AESIR, registered under the HKCSS – HSBC Social Enterprise Directory, is among Asia’s Top 12 Social Enterprises and is a Global Top 500 Tech Startup. They deliver aesthetic visual design services and products to enrich learning, social connection and well-being.
They focus on creating games and interactive solutions for diverse groups of people with special needs using augmented reality and virtual reality technologies. AESIR’s games are award-winning learning tools, co-designed with health professionals, to support happy, healthy and productive minds for those with special needs to learn the life skills and positive habits they’ll need and also contribute to their health and personal development professionally and non-invasively.
BlindLink is a not-for-profit social enterprise providing employment, support and training opportunities for Vietnamese people with visual-impairments. They seek to realise the full potential of people with all forms of blindness so that they can be more productive, more self-reliant and gain self-esteem as they manoeuvre through daily life.
Their goals are to expand employment opportunities for the blind and visually-impaired, to broaden their massaging techniques, to help them better understand how to run a business, and to give them the chance to achieve a better life.
In addition to employment opportunities, they also offer outreach programmes to the blind and partially-sighted community at large, beyond their employees. Their programmes extend to students of all ages and offer them the chance to learn skills that will help them later in life to gain independence, self-respect and to feel comfortable interacting with others, and to think beyond their disability. The following programmes form the core of their multi-faceted plan: English Communication, Massage Therapy, Entrepreneurship Education, Living Skills and Free White Cane.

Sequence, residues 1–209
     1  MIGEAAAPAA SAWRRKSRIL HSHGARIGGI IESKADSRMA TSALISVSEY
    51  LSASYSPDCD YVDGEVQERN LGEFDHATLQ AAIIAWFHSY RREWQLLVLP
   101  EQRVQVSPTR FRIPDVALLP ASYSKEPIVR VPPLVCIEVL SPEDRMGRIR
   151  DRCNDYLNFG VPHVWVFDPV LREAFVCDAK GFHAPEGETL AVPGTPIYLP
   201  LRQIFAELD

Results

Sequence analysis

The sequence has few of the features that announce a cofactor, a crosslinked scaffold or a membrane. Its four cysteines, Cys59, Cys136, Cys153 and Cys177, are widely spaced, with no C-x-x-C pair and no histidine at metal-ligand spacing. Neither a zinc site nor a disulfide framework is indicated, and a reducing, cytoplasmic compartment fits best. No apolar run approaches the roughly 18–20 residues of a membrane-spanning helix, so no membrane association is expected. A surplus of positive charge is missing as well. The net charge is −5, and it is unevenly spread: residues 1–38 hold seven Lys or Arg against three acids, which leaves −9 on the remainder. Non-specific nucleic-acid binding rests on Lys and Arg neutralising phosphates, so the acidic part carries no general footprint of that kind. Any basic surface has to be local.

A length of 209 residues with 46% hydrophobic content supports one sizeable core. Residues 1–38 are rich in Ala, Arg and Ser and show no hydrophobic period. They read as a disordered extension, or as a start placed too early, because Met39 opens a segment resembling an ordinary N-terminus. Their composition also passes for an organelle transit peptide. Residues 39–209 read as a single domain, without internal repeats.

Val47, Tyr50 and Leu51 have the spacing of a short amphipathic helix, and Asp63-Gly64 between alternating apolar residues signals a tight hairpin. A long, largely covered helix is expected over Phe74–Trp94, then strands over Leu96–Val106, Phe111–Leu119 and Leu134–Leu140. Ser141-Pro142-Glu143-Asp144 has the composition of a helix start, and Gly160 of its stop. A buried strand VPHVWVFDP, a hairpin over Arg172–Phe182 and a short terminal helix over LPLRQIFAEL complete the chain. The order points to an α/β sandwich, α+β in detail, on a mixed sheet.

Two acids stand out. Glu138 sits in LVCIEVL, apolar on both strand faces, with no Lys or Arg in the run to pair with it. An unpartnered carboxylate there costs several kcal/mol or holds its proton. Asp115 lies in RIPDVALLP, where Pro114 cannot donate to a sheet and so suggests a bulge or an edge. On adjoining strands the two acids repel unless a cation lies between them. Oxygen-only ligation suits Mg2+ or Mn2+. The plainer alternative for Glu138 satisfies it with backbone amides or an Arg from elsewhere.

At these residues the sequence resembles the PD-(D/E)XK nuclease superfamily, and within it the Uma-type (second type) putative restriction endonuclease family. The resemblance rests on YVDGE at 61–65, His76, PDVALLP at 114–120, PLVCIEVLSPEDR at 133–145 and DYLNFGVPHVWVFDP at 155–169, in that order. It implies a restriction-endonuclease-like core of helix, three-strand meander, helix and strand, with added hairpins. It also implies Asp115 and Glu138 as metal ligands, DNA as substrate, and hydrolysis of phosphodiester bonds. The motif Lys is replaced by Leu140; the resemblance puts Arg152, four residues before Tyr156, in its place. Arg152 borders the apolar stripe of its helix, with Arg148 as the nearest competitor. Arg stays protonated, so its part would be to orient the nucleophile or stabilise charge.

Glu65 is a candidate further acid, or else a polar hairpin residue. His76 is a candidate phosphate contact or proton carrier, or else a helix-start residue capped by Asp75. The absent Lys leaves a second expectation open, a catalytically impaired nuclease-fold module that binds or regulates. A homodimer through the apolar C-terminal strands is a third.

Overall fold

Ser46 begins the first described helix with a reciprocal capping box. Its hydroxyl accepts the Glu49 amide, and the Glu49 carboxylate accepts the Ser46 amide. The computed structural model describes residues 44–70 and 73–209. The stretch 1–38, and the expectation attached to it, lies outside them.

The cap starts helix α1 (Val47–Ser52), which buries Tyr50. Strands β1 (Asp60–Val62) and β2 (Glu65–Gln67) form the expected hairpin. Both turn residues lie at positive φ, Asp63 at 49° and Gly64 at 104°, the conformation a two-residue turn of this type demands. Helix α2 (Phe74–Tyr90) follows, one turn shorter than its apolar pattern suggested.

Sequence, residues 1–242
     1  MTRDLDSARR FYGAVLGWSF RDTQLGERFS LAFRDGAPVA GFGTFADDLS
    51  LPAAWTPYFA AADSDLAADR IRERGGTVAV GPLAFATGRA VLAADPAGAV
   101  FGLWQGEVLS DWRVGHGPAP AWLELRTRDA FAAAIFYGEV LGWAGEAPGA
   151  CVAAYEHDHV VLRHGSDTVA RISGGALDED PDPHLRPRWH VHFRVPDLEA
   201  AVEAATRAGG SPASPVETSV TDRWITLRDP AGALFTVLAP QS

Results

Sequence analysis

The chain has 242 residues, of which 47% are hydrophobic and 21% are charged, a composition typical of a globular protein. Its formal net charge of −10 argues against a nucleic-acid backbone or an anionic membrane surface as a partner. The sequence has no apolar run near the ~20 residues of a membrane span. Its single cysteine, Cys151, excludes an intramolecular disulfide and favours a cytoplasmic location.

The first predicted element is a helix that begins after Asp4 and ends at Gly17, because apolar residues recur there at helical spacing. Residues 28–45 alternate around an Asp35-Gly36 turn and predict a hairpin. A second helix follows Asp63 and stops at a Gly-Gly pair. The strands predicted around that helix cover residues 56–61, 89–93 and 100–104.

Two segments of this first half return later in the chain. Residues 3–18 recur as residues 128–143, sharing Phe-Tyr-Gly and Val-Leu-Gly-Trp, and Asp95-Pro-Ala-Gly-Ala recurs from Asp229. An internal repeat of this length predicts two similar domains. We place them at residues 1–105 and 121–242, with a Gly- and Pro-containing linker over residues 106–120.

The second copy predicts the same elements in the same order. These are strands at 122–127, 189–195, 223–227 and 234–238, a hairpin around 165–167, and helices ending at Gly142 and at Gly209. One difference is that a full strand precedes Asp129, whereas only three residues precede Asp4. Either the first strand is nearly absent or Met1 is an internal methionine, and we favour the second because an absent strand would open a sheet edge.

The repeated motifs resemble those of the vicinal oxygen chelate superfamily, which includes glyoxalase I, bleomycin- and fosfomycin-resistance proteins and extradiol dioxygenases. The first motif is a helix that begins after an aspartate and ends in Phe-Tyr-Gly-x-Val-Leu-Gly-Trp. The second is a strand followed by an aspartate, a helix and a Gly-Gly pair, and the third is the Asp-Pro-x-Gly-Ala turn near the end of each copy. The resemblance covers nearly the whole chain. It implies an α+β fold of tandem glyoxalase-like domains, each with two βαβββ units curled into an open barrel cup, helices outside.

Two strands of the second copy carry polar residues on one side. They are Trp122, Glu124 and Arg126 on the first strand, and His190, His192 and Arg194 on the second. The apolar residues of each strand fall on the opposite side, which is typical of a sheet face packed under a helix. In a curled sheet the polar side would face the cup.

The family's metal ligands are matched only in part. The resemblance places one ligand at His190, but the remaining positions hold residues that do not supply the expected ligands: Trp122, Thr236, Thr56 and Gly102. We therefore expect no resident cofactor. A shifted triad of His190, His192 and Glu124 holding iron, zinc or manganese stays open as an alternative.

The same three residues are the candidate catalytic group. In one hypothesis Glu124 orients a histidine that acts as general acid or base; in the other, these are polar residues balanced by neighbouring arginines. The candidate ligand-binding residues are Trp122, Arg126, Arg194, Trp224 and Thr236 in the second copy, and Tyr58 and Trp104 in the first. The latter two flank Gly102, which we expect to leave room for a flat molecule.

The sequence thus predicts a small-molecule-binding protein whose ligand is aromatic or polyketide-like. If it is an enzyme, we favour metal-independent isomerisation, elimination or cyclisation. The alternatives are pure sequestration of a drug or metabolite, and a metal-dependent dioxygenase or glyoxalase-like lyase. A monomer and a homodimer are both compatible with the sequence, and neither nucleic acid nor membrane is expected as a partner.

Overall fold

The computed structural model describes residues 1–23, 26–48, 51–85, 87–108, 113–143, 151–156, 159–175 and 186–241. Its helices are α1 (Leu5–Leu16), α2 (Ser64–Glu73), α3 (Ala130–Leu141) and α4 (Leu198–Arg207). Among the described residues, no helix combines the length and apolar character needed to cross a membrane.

Evoware is a socially responsible enterprise that promotes an environmentally friendly lifestyle and provides innovative value to urban society. Through Evoware’s products, people evolve to be closer to nature and live a more responsible and sustainable life. Evoware is the eco-solution for plastic waste problems.
Their products are eco-friendly, biodegradable or even edible and healthy for the body, using seaweed as the raw material. Their impact is not only on the environment but also on the livelihood of seaweed farmers.
It turns out that with a few technological and process innovations, many high-value coconut products can be efficiently manufactured in a medium-sized factory while maintaining the same product quality as the mega-factories.
CocoAsenso is developing a network of medium-scale factories in remote areas of the Philippines where coconuts can easily be sourced directly from local farmers. This finally gives farmers an alternative to producing copra, but that’s not all.
Their deal with farmers is that if they sell them whole coconuts, they will give them a part-time job at the factory. This will increase the average farmer’s income from coconuts by 85%. Furthermore, the deep relationships they are building with local farmers will enable them to effectively work together to create thriving coconut farming communities where farmers have access to high-quality coconut seedlings, markets for crops planted between their trees, financial services and more.